Ex-Pentagon general target of leak investigation, sources say James Cartwright, a retired general and trusted member of President Barack Obama's national security team, has been informed that he's the target of a Justice Department criminal investigation into a leak about a covert cyberattack on Iran's nuclear program. NBCs Mike Isikoff reports. By Michael Isikoff, National Investigative Correspondent, NBC News Legal sources tell NBC News that the former second ranking officer in the U.S. military is now the target of a Justice Department investigation into a politically sensitive leak of classified information about a covert U.S. cyber attack on Iran’s nuclear program. According to legal sources, Retired Marine Gen. Last year, the New York Times reported that Cartwright, a four-star general who was vice chairman of the Joint Chiefs from 2007 to 2011, conceived and ran the cyber operation, called Olympic Games, under Presidents Bush and Obama. Related story The worm that turned: How Stuxnet helped heat up cyberarms race
FBI intent on sniffing out those who leaked possible US Stuxnet role Federal investigators in the US are tightening the screws on former senior government officials who might have leaked info about the Stuxnet worm, according to The Washington Post. Last June, Attorney General Eric H. Holder Jr. started the inquiry into loose lips. As Naked Security recounts here, the Stuxnet virus was seemingly created by the US, under the regime of President George W. The US pulled Israel into the cyber-espionage effort, with stunning results. Those results included slowing down and speeding up a centrifuge's delicate parts, which resulted in damage so extreme that, according to The New York Times, debris from a damaged centrifuge was laid across the conference table at the White House's Situation Room to demonstrate the malware's potential power. But the obligingly destructive Stuxnet spun out of control and escaped into the wider world, damaging systems well beyond Iran. The code name for the Stuxnet operation was Olympic Games. The Guardian's Greenwald writes:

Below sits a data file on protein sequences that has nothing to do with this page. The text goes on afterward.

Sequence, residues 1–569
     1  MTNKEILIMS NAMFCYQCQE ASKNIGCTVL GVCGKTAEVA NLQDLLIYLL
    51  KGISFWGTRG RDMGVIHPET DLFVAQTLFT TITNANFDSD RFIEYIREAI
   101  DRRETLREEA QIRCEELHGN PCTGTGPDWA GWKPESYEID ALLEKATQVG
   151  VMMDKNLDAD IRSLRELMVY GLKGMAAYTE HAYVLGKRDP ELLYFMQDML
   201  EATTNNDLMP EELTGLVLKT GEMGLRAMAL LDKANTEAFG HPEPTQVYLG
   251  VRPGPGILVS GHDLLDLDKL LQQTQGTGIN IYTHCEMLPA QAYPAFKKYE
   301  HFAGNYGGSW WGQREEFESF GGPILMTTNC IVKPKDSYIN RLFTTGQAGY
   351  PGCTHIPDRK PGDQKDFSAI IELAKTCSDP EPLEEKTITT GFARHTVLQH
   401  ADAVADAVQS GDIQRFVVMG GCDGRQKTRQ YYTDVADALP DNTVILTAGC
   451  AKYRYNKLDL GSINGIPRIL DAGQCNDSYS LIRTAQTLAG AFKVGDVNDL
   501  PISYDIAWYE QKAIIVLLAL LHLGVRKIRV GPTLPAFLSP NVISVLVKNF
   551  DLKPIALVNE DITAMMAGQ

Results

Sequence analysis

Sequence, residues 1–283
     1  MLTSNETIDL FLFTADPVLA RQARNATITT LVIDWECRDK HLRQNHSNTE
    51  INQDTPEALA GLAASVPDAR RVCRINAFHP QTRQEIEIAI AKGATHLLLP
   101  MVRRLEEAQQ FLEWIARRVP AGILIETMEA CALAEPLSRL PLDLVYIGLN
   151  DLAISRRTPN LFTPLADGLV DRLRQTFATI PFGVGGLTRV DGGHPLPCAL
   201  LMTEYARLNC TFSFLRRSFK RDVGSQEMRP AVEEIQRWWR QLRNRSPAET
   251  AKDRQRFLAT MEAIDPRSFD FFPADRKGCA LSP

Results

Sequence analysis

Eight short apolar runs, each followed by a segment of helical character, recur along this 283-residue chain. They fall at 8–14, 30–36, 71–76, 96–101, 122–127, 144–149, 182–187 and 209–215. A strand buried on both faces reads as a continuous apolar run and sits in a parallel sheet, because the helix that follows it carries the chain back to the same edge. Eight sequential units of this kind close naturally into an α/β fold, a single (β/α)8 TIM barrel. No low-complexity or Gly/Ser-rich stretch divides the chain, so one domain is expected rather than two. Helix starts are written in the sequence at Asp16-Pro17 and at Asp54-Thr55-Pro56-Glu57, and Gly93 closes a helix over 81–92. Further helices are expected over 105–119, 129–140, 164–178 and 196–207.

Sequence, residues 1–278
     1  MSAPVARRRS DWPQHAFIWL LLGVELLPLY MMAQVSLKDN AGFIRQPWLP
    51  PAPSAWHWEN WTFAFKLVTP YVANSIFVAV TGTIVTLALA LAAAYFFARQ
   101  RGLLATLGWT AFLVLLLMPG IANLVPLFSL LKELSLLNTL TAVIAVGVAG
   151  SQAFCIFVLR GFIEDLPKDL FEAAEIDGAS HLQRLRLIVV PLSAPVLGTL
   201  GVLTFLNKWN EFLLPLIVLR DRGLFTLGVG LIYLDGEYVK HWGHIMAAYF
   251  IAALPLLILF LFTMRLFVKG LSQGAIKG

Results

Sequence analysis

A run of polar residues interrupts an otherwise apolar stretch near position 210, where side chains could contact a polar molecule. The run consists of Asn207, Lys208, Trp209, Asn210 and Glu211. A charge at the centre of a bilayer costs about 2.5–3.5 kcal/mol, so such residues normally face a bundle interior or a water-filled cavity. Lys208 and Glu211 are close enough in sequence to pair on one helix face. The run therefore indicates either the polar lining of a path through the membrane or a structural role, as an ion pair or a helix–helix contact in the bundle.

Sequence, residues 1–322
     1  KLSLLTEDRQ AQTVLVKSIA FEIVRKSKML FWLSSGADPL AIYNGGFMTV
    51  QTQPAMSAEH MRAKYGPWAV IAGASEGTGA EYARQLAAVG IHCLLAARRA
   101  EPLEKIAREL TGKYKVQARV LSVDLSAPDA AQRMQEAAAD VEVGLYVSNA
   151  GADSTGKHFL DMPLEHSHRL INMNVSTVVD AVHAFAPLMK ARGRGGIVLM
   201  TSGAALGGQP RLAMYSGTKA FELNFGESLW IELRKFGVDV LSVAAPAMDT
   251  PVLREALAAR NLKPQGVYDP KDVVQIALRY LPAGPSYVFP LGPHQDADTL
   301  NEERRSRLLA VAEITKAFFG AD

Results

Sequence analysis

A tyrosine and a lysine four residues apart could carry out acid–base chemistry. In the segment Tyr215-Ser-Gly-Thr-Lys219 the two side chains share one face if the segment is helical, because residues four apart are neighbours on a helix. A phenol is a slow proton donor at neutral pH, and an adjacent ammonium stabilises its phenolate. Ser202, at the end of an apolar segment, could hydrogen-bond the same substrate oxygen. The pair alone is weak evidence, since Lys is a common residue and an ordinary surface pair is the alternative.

Sage Report Smart Meter RF Mexican immigration to U.S. at a standstill By msnbc.com staff and news services WASHINGTON -- Faced with a persistently weak economy, the number of immigrants flowing into the United States from Mexico has declined for the first time in decades, according to a study released on Monday. An analysis of census data from the U.S. and Mexican governments details the movement to and from Mexico, a nation accounting for nearly 60 percent of the illegal immigrants in the U.S. It comes amid renewed debate over U.S. immigration policy as the Supreme Court hears arguments this week on Arizona's tough immigration law. Roughly 6.1 million unauthorized Mexican immigrants were living in the U.S. last year, down from a peak of nearly 7 million in 2007, according to the Pew Hispanic Center study. Much of the drop in illegal immigrants is due to the weak U.S. economy, which has shrunk construction and service-sector jobs attractive to Mexican workers following the housing bust. Former President George W. Other findings by the Pew Center: